Players who are racially insulted during matches should accept it as part of on-field provocation and shake hands with their opponent at the end, FIFA president Sepp Blatter said on Wednesday.
“Maybe one of the players has a word, a gesture, towards the other which is not the correct one,” Blatter told CNN in an interview.
“But the one who is affected by that, he should say, it's a game, we are in a game, and at the end of the game we should shake hands,” said Blatter who made similar comments in a separate interview with Al Jazeera. “On the field of play, sometimes you say something which is not very correct,” he added. “At the end of the game, it is over and you have the next game where you can behave better.”
Blatter's comments drew an angry reaction from Manchester United and England defender Rio Ferdinand. “I feel stupid for thinking that football was taking a leading role against racism,” Ferdinand said on Twitter.
FIFA later issued a statement from Blatter saying his comments had been misunderstood.
“What I wanted to express is that, as football players, during a match, you have 'battles' with your opponents, and sometimes things are done which are wrong," Blatter said. "But, normally, at the end of the match, you apologise to your opponent if you had a confrontation.
“Having said that, I want to stress again that I do not want to diminish the dimension of the problem of racism in society and in sport.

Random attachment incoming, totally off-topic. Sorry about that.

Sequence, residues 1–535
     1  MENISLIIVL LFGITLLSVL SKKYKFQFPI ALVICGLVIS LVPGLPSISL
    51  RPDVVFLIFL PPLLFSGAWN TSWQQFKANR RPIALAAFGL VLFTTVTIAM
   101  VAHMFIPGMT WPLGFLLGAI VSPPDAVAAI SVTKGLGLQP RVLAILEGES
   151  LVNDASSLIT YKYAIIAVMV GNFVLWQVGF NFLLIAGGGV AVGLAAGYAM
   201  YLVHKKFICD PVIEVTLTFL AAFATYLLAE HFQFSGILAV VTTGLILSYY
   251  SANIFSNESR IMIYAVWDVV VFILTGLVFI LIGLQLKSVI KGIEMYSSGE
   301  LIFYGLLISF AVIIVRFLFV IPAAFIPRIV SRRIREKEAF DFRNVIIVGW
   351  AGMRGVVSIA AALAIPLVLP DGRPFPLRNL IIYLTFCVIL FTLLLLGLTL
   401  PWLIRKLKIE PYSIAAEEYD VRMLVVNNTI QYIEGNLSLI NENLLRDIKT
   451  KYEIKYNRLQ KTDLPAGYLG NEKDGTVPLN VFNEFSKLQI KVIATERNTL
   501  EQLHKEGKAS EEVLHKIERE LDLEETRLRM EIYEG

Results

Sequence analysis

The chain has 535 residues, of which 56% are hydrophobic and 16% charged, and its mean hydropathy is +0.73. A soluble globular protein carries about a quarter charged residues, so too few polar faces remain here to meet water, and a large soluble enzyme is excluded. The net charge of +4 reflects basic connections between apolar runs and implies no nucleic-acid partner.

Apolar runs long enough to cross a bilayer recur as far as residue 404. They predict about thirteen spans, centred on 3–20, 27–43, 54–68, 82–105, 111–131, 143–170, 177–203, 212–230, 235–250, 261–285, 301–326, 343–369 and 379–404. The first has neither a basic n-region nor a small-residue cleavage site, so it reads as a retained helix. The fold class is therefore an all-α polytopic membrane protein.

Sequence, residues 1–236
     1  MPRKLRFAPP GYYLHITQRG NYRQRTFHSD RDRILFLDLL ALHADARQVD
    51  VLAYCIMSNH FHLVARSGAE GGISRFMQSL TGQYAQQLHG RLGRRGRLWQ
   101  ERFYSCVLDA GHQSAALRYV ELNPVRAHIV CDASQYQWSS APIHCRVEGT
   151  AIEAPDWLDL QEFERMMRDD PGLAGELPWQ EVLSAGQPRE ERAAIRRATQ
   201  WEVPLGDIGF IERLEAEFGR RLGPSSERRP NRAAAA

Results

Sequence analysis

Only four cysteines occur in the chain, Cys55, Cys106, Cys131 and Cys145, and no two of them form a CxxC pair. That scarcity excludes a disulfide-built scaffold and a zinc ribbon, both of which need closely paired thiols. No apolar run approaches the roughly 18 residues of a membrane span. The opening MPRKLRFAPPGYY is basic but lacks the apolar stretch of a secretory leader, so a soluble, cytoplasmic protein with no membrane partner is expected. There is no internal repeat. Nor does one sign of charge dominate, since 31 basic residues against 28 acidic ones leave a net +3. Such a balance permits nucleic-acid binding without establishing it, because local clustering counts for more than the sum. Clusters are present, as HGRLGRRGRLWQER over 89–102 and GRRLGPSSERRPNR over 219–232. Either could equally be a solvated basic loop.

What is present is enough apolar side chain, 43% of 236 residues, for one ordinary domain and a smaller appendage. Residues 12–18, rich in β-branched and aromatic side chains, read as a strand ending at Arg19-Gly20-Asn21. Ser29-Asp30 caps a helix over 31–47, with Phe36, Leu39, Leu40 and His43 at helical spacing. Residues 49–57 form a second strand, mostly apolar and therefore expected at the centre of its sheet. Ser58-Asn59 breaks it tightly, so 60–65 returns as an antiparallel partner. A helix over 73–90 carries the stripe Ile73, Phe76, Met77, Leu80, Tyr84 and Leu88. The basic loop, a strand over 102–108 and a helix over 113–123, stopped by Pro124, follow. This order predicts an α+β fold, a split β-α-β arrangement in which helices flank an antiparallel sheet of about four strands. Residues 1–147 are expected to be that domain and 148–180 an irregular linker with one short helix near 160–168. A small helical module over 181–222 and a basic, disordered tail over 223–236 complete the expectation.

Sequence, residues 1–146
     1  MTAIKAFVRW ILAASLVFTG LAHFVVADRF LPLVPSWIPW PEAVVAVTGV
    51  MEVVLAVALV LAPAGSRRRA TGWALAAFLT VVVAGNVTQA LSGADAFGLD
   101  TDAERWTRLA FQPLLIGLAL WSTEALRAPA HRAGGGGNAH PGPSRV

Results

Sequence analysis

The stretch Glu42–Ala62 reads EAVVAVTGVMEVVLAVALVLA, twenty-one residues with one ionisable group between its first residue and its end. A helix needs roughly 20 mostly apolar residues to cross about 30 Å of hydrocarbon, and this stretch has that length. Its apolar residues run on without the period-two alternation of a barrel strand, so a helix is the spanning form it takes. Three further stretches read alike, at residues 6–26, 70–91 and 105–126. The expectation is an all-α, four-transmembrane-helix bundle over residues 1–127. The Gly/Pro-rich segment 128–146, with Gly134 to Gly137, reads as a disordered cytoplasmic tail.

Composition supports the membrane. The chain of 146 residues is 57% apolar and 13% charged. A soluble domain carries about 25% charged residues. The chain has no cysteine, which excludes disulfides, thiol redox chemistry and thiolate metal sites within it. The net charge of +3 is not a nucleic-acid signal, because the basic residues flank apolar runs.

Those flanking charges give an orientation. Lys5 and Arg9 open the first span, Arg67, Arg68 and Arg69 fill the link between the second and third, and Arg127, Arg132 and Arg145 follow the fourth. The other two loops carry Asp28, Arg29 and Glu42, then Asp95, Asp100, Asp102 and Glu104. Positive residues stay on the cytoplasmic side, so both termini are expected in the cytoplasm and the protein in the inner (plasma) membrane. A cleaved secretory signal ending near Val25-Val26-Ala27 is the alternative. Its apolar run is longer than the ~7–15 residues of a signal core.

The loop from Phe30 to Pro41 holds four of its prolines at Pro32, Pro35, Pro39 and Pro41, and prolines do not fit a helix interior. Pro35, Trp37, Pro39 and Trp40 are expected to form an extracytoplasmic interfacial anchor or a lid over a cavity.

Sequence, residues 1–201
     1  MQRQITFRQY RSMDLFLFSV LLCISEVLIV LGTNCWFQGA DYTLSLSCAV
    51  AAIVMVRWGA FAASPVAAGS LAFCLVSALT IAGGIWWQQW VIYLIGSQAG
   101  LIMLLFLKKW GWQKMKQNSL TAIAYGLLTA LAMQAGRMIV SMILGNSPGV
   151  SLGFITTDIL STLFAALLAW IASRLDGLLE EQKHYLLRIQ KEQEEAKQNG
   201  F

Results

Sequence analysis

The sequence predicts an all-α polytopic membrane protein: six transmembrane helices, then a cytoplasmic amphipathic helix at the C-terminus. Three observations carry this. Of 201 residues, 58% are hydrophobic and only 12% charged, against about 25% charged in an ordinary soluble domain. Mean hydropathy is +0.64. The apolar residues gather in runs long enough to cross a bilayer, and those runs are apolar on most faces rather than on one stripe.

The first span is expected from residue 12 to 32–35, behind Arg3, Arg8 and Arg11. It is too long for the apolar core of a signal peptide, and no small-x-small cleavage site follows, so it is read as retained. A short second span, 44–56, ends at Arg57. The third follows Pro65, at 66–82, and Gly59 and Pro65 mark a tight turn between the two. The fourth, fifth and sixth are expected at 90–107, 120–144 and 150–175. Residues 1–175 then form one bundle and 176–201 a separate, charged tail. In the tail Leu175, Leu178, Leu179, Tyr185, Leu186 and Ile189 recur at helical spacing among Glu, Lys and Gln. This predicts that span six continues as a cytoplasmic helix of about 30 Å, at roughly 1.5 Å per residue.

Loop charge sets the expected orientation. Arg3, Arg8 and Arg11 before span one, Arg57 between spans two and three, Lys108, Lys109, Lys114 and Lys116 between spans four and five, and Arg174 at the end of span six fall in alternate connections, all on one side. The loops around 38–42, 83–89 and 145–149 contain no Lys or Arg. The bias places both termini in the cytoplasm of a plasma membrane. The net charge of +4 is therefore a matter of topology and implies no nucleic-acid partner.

“You may say something to somebody who does not exactly look like you....but at the end of the match it's forgotten.”
Foot In The Mouth
On homosexuality: “They should refrain form sexual activity,” he said last December when asked about gay football fans travelling to Qatar for the 2022 World Cup.
On the John Terry-Wayne Bridge episode: “Listen, this is a special approach in the Anglo-Saxon countries. If this had happened in let's say Latin countries then I think he (Terry) would have been applauded,” Blatter said about the Terry-Bridge-Perroncel affair last year.
On Cristiano Ronaldo's transfer to Real Madrid from Manchester United: “I think in football there's too much modern slavery in transferring players or buying players here and there, and putting them somewhere,” the Swiss said. In 2009. The Portuguese winger is paid 11 million pounds a year - what slave?!
On corruption within Fifa: “There are no rotten eggs. There is no systematic corruption in FIFA. That is nonsense. We are financially clean and clear,” was his response in December 2010 on corruption within football’s apex body. Is anyone else laughing?
And finally, on women's football apparel: In 2004 football's Czar aired his views on what the women players should be wearing. “Let the women play in more feminine clothes like they do in volleyball,” he said. “They could, for example, have tighter shorts. They are pretty, if you excuse me for saying so. Some decisions were taken to create a more female aesthetic, so why not do it in fashion?” If chauvinism had a name…